In a demonstration of the slowdown facing about 30,000 Iraqis, refugee advocates said just 50 were granted entry to the United States through the programs in April, compared with thousands in previous months. Officials at the U.S. Embassy in Baghdad contacted this week did not dispute the figures and did not provide more recent numbers.
American officials said there are no plans to end either program, but refugee advocates complain that the U.S. government is reneging on promises made to those who risked their lives during the war. Advocates have also said that reprisal attacks on Iraqis who worked for the U.S. military or contractors will probably increase as U.S. troops draw down across the country.
The programs “are, by almost every metric, a failure,” said Kirk Johnson, founder of the List Project, which tracks the status of Iraqis who worked for U.S.-based entities. “There are a lot of open, unused slots every year that are just sitting there because of complications.”
Although several State Department officials acknowledged that sustained interest in the programs and a small number of personnel and secure facilities to conduct interviews are contributing to the backlog, they blamed most of the delay on visa vetting procedures enacted in recent months by the Department of Homeland Security.
Screeners now conduct more thorough background and biometric checks of applicants, in addition to checks against several databases, according to DHS officials familiar with the program. Also, officials said, new “pre-departure” checks conducted shortly before a refugee is scheduled to leave for the United States, are catching potentially disqualifying information that might arise after an initial screening.
The results of some “pre-departure” checks have forced officials to physically remove Iraqis from flights shortly before they head to the United States, according to refugee advocates and embassy officials.
“There are a number of issues that need to be resolved before a person can be admitted,” Eric P. Schwartz, assistant secretary of state for the Bureau of Population, Refugees and Migration, said in an interview. “Because of the additional issues that arise, it by definition causes additional time requirements.”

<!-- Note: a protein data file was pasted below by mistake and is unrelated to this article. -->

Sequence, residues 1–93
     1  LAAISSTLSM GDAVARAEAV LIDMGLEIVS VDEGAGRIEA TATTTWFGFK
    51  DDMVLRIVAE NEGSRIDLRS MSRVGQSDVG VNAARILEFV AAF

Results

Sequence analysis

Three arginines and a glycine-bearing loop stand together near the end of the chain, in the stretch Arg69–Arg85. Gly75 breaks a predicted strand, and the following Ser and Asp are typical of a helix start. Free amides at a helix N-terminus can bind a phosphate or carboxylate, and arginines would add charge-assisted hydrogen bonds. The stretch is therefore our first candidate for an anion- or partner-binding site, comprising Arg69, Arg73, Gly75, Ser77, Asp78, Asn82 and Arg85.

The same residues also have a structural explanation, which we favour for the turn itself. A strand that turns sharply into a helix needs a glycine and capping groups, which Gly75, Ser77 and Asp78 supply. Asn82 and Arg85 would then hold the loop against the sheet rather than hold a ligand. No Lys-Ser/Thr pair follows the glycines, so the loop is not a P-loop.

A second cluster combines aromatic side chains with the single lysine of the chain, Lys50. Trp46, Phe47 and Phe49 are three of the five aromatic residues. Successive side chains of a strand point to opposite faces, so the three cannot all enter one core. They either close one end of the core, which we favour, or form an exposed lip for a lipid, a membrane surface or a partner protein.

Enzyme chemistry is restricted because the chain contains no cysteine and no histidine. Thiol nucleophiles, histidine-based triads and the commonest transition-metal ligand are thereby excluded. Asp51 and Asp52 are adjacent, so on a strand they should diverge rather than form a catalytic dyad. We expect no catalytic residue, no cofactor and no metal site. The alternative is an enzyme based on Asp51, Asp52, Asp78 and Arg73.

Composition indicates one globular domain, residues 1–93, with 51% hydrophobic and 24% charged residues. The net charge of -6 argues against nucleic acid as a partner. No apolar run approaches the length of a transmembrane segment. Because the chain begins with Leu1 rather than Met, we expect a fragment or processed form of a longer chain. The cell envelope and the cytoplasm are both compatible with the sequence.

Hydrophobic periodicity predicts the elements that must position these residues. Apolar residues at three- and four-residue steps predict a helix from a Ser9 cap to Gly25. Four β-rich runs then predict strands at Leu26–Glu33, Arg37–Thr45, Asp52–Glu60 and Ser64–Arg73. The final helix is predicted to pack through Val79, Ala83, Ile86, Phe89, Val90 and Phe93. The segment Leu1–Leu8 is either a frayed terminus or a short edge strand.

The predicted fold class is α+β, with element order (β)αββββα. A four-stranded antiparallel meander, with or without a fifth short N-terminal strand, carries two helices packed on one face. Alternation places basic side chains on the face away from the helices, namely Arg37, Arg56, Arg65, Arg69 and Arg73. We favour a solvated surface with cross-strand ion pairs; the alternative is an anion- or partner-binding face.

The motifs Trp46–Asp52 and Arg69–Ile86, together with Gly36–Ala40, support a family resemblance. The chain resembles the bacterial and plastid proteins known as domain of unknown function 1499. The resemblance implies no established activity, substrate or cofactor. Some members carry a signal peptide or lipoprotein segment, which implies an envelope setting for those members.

Schwartz urged critics to remain patient. “Advocates for refugee protection also have to be advocates for responsible security procedures,” he said.
In May, lawmakers and security experts raised fresh questions about visa security procedures after two Iraqis living in Kentucky were arrested on terrorism charges. The men, admitted to the United States under the USRAP program, were charged with sending cash, explosives and missiles to Iraq for use against Americans.
Administration officials in Baghdad and Washington, congressional aides and refugee advocates disputed suggestions of a direct link between the May arrests and the slowdown, but some suggested that the enhanced screening contributed to the arrests.
The Senate Homeland Security and Governmental Affairs Committee is scheduled to hold a hearing Wednesday to review visa security issues. Although the hearing was planned before the arrests, aides said lawmakers would probably point to them as examples of potential security vulnerabilities.
About 80 percent of Iraqis admitted by the visa program served as translators for the U.S. military, officials said. Ten percent of Iraqis admitted by USRAP, the broader refugee program, worked for American businesses, according to government statistics.
At least 22,000 people in Iraq are waiting to be admitted to USRAP, embassy officials said. About 3,800 Iraqis living in Jordan are awaiting final security interviews, and 8,500 Iraqis living in Syria have indicated interest. But the Syrian government is withholding visas for Homeland Security officials needed to conduct interviews there, U.S. officials said.
Among the tens of thousands waiting in Iraq are Haider Abduwahab and Ghassan Enad. The men once served as bodyguards for NBC News crews but now protect a nearly empty Baghdad hotel where hundreds of journalists roamed the hallways at the start of the U.S. invasion. The lack of business gives them too much time to sit and wonder whether they’ll ever have a chance to leave Iraq and start over in the United States.
“We feel like we’re stuck. We don’t know if we’ll make it or not,” Abduwahab said.
Abduwahab, 35, applied for the refugee program in September 2009 and completed all of the necessary interviews and medical tests within a year. He’s in a holding pattern as he waits to move to the United States with his wife, three children and parents.
“Sometimes if you try to move to a safer place, you hesitate because they might call and it’ll be time to go,” he said. “You might want to buy a new car or perhaps open a small store, but you can’t because you’re waiting.”
Enad, 31, applied for a visa in November 2009 and later received an e-mail with a case number. An interview was scheduled, then canceled, and he hasn’t heard back since.
Special correspondent Aziz Alwan contributed to this report.